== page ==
For comparison

Robert M. McClung, Aquatic insects and how they live, New York, William Morrow, 1970,
pp. 28-31.


Sometimes you may see what looks like a little bundle of sticks crawling along the bottom of a stream. Pick it up, and you will discover that the bundle is really a tube, or a case, with an insect inside it. What you have is a caddisworm- the larva of an order of mothlike aquatic insects called Trichopetera, meaning “hairy wings.”
The leaf-eating caddis larva looks a lot like a caterpillar, except that it has gills on its abdomen and has no fleshy legs. It does have a pair of drag hooks at the rear end of its body. The drag hooks anchor the larva within the case.

Many Kinds of Shelters
Pratically all the caddisworms construct cases, or shelters, which they carry about with them wherever they go. The case helps to protect the soft-bodied larva from fish and other enemies.
A particular kind of caddisworm often may be identified simply by the kind of case it makes. Each species uses a specific type of building material and constructs the case in a distinctive way.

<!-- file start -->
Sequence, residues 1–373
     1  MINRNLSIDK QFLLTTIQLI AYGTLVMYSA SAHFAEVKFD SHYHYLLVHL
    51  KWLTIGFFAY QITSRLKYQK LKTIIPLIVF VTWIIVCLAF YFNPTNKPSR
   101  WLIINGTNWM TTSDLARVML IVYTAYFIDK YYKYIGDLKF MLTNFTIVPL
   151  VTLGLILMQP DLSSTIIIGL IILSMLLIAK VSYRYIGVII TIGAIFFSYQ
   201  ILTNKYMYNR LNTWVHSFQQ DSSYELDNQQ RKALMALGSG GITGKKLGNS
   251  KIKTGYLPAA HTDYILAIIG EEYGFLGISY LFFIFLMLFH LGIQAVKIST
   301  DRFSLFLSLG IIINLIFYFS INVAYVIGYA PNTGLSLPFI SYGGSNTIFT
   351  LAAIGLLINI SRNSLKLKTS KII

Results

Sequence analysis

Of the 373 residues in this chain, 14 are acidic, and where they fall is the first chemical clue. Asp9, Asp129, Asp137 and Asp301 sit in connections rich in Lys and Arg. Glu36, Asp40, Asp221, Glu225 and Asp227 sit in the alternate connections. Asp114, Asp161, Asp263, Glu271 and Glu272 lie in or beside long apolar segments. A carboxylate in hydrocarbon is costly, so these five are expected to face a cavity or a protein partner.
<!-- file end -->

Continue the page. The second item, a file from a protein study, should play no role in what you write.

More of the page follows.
Some caddisworms build shelters like log cabins, using tiny twigs or plant stems bound together with silk. Others use leaves as their principal building material. Several of them cut leaf pieces that are rectangular or almost square, then fasten them together in successive rings. Another binds long, narrow leaf pieces together in a continuing spiral.
Some caddisworms use small pebbles to construct stone shelters. Several make smooth tapering tubes of fine sand, and one fashions its sand shelter in the shape of a spiral snail shell, about a quarter of an inch long.

Experiments with Caddisworms
You can easily keep most kinds of case-building caddisworms in small bowls or jars, and watch them while they work. Take a larva out of its case, then supply it with building material and watch it construct a new case.
Do not try to remove the larva from the front of its old case, however, for it holds onto the rear part of the case with its drag hooks very firmly. Instead, gently poke a smooth blunt probe into the rear of the case, and the larva usually humps its way out of the front as quickly as possible.
Try giving one caddisworm some of its natural building material. Then, for comparison, give another larva some different material- coloured paper, tiny beads, cellophane- and see what each will do.
If two caddisworms are put into a bowl, together with one empty case, each larva heads for the shelter and tries to occupy it. The loser then may try to dislodge the winner by entering the case from the rear. If he succeeds, the ousted larva soon tries the same thing. Many times their positions will be reversed again and again.